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From Jared Stewart <jstew...@pivotal.io>
Subject Re: One class loader vs multiple class loaders for deployed jars
Date Wed, 12 Apr 2017 18:15:25 GMT
I have submitted a review board request for this change, comments and feedback are welcome:
 https://reviews.apache.org/r/58393/ <https://reviews.apache.org/r/58393/>  

I don’t believe it breaks the current expected behavior, and I don’t think it will pose
any additional barriers to classloader isolation in the future (the fast-classpath-scanner
library is agnostic about the class loader implementation you give to it).  

Anthony - I was never able to find any substantial documentation for Plexus Classworlds. 
This makes it both hard to evaluate and potentially scary to use.

- Jared

> On Apr 12, 2017, at 8:55 AM, Michael Stolz <mstolz@pivotal.io> wrote:
> 
> +1 for merging the current fix.
> 
> It at least makes it easier to deploy a jar in the happy day scenario.
> I'm not sure how much we should be trying to emulate an application server
> anyway.
> If people really want to combine the cache with the app server they can
> embed Geode into an app server.
> There may be some API sugar that would make that more useful, but it seems
> it's a lot less work than all this classloader stuff we're discussing, and
> would likely yield much better sandboxing.
> 
> --
> Mike Stolz
> Principal Engineer, GemFire Product Manager
> Mobile: +1-631-835-4771
> 
> On Tue, Apr 11, 2017 at 7:46 PM, Jinmei Liao <jiliao@pivotal.io> wrote:
> 
>> I believe with the current fix, we at least do not have the "eager loading"
>> problem anymore. The classloader isolation was a problem before and would
>> remain as a problem after this for further larger scale changes. +1 for
>> merging the fix.
>> 
>> On Tue, Apr 11, 2017 at 4:04 PM, Swapnil Bawaskar <sbawaskar@pivotal.io>
>> wrote:
>> 
>>> +1 for merging Jared's fix. it gets us closer to fixing classloading in a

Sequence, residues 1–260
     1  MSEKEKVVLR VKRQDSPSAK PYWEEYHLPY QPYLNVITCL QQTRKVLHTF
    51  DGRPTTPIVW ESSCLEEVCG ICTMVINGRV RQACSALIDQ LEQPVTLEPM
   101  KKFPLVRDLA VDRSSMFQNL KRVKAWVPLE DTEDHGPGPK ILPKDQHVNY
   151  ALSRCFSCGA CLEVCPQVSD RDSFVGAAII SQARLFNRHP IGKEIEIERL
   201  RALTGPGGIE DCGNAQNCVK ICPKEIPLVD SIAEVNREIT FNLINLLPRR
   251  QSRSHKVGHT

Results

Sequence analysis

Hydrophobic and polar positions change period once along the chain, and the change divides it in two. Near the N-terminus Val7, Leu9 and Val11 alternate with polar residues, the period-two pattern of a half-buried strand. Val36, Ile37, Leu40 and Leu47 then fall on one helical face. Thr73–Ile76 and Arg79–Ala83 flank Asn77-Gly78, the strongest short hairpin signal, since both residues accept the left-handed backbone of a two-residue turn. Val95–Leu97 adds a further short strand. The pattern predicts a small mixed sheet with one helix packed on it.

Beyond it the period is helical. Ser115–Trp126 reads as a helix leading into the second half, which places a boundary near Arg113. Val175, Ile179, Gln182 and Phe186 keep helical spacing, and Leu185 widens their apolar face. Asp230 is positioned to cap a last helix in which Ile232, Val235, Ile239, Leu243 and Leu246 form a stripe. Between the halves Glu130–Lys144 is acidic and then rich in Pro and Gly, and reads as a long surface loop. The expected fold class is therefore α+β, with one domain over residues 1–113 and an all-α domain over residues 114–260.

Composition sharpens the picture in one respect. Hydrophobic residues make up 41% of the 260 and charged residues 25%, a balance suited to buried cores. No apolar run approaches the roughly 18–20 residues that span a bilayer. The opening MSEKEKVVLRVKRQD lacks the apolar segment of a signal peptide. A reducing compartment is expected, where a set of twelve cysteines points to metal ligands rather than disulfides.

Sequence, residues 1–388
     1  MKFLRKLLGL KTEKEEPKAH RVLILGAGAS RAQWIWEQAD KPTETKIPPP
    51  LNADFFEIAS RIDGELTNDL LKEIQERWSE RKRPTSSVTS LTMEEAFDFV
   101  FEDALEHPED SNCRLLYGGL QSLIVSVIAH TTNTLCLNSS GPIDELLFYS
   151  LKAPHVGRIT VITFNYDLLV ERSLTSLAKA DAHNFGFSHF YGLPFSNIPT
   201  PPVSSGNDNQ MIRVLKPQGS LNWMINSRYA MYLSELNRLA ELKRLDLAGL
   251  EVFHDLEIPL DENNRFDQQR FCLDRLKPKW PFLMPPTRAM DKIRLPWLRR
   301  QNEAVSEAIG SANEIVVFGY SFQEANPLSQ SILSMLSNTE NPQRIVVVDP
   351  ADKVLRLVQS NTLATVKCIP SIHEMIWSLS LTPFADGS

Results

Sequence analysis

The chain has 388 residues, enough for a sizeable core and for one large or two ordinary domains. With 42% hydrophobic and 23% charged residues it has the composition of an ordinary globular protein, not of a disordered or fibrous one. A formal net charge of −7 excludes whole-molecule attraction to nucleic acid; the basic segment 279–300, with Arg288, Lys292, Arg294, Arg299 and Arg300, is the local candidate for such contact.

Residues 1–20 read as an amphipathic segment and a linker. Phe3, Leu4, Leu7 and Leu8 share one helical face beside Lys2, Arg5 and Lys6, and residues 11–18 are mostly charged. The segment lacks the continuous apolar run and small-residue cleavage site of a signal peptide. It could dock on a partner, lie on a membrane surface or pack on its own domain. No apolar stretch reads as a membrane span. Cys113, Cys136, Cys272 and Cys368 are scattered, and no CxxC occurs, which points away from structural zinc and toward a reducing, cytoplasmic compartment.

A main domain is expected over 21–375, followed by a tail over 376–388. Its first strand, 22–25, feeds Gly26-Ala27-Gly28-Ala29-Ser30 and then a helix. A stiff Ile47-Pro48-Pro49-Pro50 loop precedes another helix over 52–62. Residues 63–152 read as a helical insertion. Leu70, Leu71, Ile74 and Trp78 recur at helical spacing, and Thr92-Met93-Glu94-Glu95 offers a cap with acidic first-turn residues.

>>> later release.
>>> 
>>> On Tue, Apr 11, 2017 at 1:41 PM Jacob Barrett <jbarrett@pivotal.io>
>> wrote:
>>> 
>>>> I can support the idea of taking the small step of fixing the eager
>> class
>>>> loading if it doesn't:
>>>> 1) break the current expected behavior.
>>>> 2) dig is deeper into a hole with class loading isolation in the
>> future.
>>>> 
>>>> If it breaks the current expected behavior, that in itself is ok until
>>> you
>>>> consider that adding class loader isolation later will most definitely
>>>> break the expected behavior, can we afford do break it twice?
>>>> 
>>>> -Jake
>>>> 
>>>> On Tue, Apr 11, 2017 at 10:06 AM Jared Stewart <jstewart@pivotal.io>
>>>> wrote:
>>>> 
>>>>> I would like to distinguish between the following two objectives:
>>>>> 1) Do not eagerly load every class contained in a deployed jar
>>>>> 2) Establish robust classloader isolation for deployed jars
>>>>> 
>>>>> The aim of my current line of work is to fix 1) (GEODE-2290).  This
>> is
>>>> not
>>>>> to say that 2) is not a valuable pursuit, but I think getting 2) done
>>>>> correctly is a larger task than fixing 1) in isolation.
>>>>> 
>>>>> To get into the specifics of the libraries you mentioned,
>>>>> 
>>>>> JCL:
>>>>> - JCL has no support for removing/undeploying jars.  In this
>> respect,
>>> I
>>>>> don't see anything that JCL would add over simply using a
>>> URLClassLoader.
>>>>> We would have to rebuild the JCL class loader in exactly the same set
>>> of
>>>>> circumstances that we would need to rebuild a URLClassLoader.
>>>>> - I have seen a fair number of warnings from people that JCL is
>> buggy
>>>> and
>>>>> incomplete, e.g. (
>>>>> 
>>>> http://stackoverflow.com/questions/60764/how-should-i-
>>> load-jars-dynamically-at-runtime#comment43066872_1450837
>>>> )
>>>>> This would seem to be supported by a quick look at the github issues
>>> page
>>>>> for JCL, which includes things like a bug report of a deadlock from
>> Jun
>>>>> 2016 to which the developers have never responded.
>>>>> 
>>>>> JBoss Modules:
>>>>> - JBoss Modules (or Java 9/Jigsaw Modules) seem like a good
>> strategic
>>>>> direction towards which to strive.  Yet the fact that they require an
>>>>> external module descriptor (XML) would again seem to make this a much
>>>>> larger task than 1) alone.  (If the idea here is to have a user
>> provide
>>>> us
>>>>> with a JBoss Module rather than a plain jar file, this would be a
>> large
>>>>> breaking change for existing users.  On the other hand, if the idea
>> is
>>>> for
>>>>> us to autogenerate the necessary metainformation to transform the
>>> user's
>>>>> jar file into a JBoss Module, this would seem to be a large task
>> which
>>> is
>>>>> again independent from the goals of 1).
>>>>> 
>>>>> - Jared
>>>>> 
>>>>>> On Apr 10, 2017, at 9:41 PM, Jacob Barrett <jbarrett@pivotal.io>
>>>> wrote:
>>>>>> 
>>>>>> There are certainly many projects in the OS community that have
>>> solved
>>>>> this
>>>>>> same problem. Perhaps we can find a class loader from a project
>> that
>>>>> would
>>>>>> suite this need.
>>>>>> 
>>>>>> Quick search of standalone frameworks comes up with a few popular